The top seven interview questions to ask during an interview
- Can you walk me through a typical day in the life of this role?
- What will be my biggest challenge in this role?
- How will my success be measured in this role?
- What have you enjoyed most about working here?
- Who do you think would be the ideal candidate for this role, and how do I measure up?
- Why did the previous person leave this role?
- What are the opportunities for growth within this role?
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It’s important to remember that an interview isn’t just an opportunity for the employer to find out if you are a suitable candidate - the interview works both ways.
Coming prepared with a list of good questions to ask at a job interview will not only help separate you from other candidates in Hong Kong, but is also an avenue for you to find out more about your potential future employers - and if the organisation is offering the right job for you.
Here are seven questions to ask in an interview and why these questions will help you stand out from the crowd:
1. Can you walk me through a typical day in the life of this role?
This question helps to get down to the nitty-gritty of the day-to-day role.
Sometimes, the interviewing manager can dangle a lot of appealing carrots, but the actual reality of the role can be as humdrum as hay. This question will help you to discover how you will really be spending your time.
Related: Interview techniques and skills
2. What will be my biggest challenge in this role?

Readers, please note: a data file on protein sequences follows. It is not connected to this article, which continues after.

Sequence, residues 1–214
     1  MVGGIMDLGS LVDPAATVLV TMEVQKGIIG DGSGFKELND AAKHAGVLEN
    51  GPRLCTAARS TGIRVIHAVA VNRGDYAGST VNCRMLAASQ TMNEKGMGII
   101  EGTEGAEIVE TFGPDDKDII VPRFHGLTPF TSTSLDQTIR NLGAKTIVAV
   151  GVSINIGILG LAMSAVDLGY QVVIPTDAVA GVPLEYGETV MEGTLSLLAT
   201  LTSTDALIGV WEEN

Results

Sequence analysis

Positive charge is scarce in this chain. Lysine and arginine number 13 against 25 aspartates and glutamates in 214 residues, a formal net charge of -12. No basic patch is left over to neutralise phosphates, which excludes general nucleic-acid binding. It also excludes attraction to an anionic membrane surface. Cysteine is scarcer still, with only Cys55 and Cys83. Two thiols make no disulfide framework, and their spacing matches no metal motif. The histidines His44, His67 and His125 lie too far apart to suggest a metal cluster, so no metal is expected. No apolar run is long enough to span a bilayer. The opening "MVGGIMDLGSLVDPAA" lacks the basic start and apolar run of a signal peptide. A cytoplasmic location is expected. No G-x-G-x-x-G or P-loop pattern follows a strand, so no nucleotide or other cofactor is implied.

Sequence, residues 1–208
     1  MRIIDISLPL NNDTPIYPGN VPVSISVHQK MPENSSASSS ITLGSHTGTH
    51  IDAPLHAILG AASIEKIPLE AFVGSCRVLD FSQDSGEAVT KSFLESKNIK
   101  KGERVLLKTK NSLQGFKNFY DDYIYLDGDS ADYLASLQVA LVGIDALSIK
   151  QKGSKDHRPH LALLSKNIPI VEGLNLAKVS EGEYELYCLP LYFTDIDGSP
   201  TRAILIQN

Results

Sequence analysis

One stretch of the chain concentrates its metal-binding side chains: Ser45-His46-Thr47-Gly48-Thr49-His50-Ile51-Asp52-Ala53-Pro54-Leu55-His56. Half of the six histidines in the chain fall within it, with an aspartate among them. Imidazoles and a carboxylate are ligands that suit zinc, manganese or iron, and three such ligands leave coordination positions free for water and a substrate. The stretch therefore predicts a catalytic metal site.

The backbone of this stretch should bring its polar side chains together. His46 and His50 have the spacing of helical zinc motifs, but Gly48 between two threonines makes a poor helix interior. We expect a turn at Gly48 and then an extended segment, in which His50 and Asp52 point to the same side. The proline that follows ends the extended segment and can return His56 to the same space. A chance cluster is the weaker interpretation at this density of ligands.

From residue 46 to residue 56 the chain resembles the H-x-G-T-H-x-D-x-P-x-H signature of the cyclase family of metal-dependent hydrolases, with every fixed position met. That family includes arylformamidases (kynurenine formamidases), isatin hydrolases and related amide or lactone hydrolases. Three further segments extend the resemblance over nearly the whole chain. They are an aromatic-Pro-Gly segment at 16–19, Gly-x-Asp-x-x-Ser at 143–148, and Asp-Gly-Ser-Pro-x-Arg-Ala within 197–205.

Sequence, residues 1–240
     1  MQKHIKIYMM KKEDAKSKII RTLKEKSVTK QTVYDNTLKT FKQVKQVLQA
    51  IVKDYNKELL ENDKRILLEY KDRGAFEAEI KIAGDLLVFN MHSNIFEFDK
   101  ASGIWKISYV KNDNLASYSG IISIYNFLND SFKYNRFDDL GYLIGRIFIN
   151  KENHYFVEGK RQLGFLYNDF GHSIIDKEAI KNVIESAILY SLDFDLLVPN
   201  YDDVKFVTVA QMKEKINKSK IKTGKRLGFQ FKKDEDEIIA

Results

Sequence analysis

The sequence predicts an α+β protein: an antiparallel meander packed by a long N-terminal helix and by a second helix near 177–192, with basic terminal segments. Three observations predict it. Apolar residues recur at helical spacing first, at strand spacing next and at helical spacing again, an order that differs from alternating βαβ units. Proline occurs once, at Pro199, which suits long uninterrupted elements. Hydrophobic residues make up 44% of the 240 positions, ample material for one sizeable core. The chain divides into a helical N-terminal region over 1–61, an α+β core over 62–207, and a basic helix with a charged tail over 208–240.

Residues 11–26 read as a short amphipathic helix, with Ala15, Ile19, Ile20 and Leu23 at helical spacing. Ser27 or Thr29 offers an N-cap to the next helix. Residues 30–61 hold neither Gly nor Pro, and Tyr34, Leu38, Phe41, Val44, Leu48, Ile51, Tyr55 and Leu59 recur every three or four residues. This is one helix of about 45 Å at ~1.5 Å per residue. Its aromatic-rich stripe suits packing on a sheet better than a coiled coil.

This question has the twofold benefit of demonstrating to your interviewing manager that you are keen to tackle challenges; and helping you to uncover what unique obstacles you may face.
No role is perfect; it's important that you understand what the unique challenges of the role will be so that you can evaluate if they are challenges you feel motivated to overcome or not.
3. How will my success be measured in this role?
This is one of the most popular questions to ask at a job interview. It demonstrates that you are results-driven, which is a very appealing quality to a hiring manager.
It may also help you understand if the business is one that is focused on growth and if you will be set up for success.
Related: How to read body language in an interview
4. What have you enjoyed most about working here?
This question gives you an opportunity to connect with your manager on a personal level, to understand his or her personal drivers and motivations.
You may uncover something about his or her personal life that you can connect over, and you may also discover a little about the culture in the team and wider business.
5. Who do you think would be the ideal candidate for this role, and how do I measure up?
This question helps you to understand if the hiring manager is concerned about any gaps in your experience or skill set.
Listen carefully to the answer. You may have an opportunity to allay any concerns.
Alternatively, if you do indeed have a skill or experience gap, it’s an opportunity for you to convey your self-awareness and interest in training or development to bring you up to speed.
6. Why did the previous person leave this role?
This is another good question to ask in an interview.
It can help you understand if the person was promoted – which would indicate that the company encourages career development – or it may reveal if there are any cultural issues within the company that you may need to be concerned about.
7. What are the opportunities for growth within this role?
Asking this question demonstrates to your potential employer that you are career-orientated and keen to expand your knowledge and develop within the organisation.
Related: How to write a thank you email after completing a job interview
If appropriate, try to weave these questions in as the interview is progressing. It demonstrates to the interviewer that you’re proactive and engaged in the process.
Alternatively, wait until the end - but if the question has already been answered during the course of the interview, don’t ask it.
And avoid asking questions that can easily be answered by researching the company website or information that would be deemed basic requisite knowledge.
Take a look at our job interview tips hub for more interview tips and advice.